Asia Pacific (APAC), Auto, Business, China, Global Politics, VR World

Tesla Motors Will Cut Jobs In China

A new report says that Tesla Motors (NASDAQ: TSLA)  will cut jobs in China.

The highly touted technology company that produces one of the world’s most popular electric cars is about to lose 180 employees in the Middle Kingdom. Tesla currently has 600 employees in China, where the stated number of jobs to be cut is a rather high 30% of the employee numbers posted in China overall.

According to various sources, Tesla Motors aims to restructure and tighten its position in that particular market with this move. The goal is to provide a boost in sales. But overall, the market will be the deciding factor in China for the American company. Tesla Motors makes nice sales in its respective niche overall. We can say that Tesla is the leader when it comes to electric car sales, but this may come to an end in the future years as well. Globally, they saw some other heavier competitors like BMW (ETR: BMW), Cadillac  (NYSE: GM) and others joining in the fight for electric vehicle supremacy. This is naturally providing the car maker with plenty to worry in the forthcoming months as well.


Earlier this year, Tesla China has already seen turnover in its leadership. First, its President Veronica Wu left in December, while its vice president of communications, June Jin, resigned last month. This would be worry some for some bigger companies, let alone a rather small one (by comparison to other big car makers). Tesla Motors is in a rather difficult day in age with sales numbers growing slow on certain markets, specially China as one of the biggest sources of income for several larger car manufacturers.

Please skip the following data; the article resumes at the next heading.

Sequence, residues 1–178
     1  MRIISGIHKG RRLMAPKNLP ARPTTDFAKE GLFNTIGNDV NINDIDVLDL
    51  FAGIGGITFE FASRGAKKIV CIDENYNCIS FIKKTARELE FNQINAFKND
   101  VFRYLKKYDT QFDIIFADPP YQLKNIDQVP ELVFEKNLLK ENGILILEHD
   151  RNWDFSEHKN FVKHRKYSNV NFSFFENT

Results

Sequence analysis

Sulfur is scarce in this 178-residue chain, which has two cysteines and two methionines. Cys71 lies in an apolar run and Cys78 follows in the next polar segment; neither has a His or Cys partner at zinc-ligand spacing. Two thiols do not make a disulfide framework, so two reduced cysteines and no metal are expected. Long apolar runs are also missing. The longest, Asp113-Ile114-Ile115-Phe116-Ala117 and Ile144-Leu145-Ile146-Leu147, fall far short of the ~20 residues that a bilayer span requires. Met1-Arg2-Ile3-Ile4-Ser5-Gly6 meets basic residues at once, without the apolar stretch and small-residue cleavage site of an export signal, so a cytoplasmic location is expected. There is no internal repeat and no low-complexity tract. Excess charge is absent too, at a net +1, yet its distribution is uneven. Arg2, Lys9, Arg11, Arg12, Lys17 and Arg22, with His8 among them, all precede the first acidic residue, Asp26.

China is a difficult country for Tesla (and other car makers) overall. The local car production companies are subsidized by the government, there is no clear charging infrastructure set in place, and overall, the cars Tesla Motors imports to China cost more. This is all due to local import taxes, added and set to protect the domestic car industry.

One of the solutions would be to produce the car on site or in the country itself, providing Tesla Motors with the same leveled playing field as the other Chinese manufacturers. While the future seems bleak for Tesla in China for now, there is light at the end of the tunnel for the car maker over there. The overall effort the Chinese government is inputting in making the country pollution free and depending less on gasoline consumption and import, might well be the beacon of light for the car maker going forward in the future.